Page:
The European Union's application of value-added tax to electronic commerce may put U.S. companies at a competitive disadvantage in the expanding EU marketplace, an EDS Corp. executive told a congressional panel yesterday.
Karen Myers, director of tax and trade policy with EDS, spoke before the Senate Foreign Relations Committee's subcommittee on European affairs. She said that though not opposed to the application of VAT to electronically delivered goods and services from abroad, U.S. industry thought the EU's approach would place unfair obligations on non-EU companies.
“In trying to level the playing field, the European Commission has created a trading environment that discriminates against U.S. and other non-EU businesses,” said Myers, who testified on behalf of the U.S. Council for International Business, a pro-trade group.
The EU directive on applying value-added tax to electronically delivered goods and services takes effect July 1. For the first time, EU member states will be obliged to apply their VATs to e-commerce transactions between non-EU firms and EU consumers.
In addition, non-EU companies will be required to register with EU authorities and to levy, collect and remit the VAT applicable in the customer's place of residence. EU companies will be allowed to assess VAT at the rate of the member state in which they are based.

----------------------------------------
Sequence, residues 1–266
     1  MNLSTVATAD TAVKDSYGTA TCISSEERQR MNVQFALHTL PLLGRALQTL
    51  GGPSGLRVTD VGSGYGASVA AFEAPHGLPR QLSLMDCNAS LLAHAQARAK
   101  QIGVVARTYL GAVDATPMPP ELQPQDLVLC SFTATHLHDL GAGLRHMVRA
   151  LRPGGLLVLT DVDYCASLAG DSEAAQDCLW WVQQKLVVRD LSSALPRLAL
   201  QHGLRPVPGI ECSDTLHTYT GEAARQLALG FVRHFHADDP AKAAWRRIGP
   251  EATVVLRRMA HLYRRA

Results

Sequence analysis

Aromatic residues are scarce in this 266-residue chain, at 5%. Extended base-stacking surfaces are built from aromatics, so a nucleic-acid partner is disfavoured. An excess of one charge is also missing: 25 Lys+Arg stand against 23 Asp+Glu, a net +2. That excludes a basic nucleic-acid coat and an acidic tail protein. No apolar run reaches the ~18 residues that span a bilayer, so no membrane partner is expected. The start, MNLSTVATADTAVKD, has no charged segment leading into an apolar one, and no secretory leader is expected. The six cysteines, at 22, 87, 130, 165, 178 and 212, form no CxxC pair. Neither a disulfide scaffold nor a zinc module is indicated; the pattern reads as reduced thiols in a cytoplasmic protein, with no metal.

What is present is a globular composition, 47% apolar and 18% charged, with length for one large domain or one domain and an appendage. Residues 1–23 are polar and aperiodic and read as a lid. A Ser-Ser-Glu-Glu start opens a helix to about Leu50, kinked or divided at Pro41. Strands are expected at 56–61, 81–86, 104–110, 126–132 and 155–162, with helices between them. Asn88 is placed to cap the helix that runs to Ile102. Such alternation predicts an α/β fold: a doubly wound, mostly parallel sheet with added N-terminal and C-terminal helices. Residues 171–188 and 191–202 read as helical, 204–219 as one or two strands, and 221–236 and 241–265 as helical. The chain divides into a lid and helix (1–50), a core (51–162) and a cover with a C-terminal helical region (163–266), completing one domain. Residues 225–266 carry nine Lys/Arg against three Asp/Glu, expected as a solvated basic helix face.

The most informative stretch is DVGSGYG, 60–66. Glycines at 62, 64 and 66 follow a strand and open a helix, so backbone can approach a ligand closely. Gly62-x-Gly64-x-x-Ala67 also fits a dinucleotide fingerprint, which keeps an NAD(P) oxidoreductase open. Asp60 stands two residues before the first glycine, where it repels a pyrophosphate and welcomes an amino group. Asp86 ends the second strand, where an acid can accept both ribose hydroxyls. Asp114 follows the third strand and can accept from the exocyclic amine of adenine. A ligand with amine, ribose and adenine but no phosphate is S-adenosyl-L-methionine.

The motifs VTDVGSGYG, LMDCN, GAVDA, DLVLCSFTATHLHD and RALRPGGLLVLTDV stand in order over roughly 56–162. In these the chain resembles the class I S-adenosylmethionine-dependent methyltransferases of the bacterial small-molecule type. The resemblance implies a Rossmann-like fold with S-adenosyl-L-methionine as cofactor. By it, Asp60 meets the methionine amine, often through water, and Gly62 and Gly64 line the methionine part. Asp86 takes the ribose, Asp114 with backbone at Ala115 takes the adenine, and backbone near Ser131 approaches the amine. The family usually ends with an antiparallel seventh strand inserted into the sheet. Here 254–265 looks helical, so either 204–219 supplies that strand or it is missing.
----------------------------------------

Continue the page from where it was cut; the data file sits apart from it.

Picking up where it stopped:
The pro-trade group thinks such disparate tax treatment between EU and non-EU firms will distort the EU market and create a discriminatory environment for non-EU companies, Myers said, and may also contravene World Trade Organization rules on liberalization of services trade.
Myers said the pro-trade group “is deeply concerned that the requirement for non-EU firms to collect VAT based on the location of their EU customers ignores the fact that most firms lack the technical means of verifying this information in a cost-effective manner.”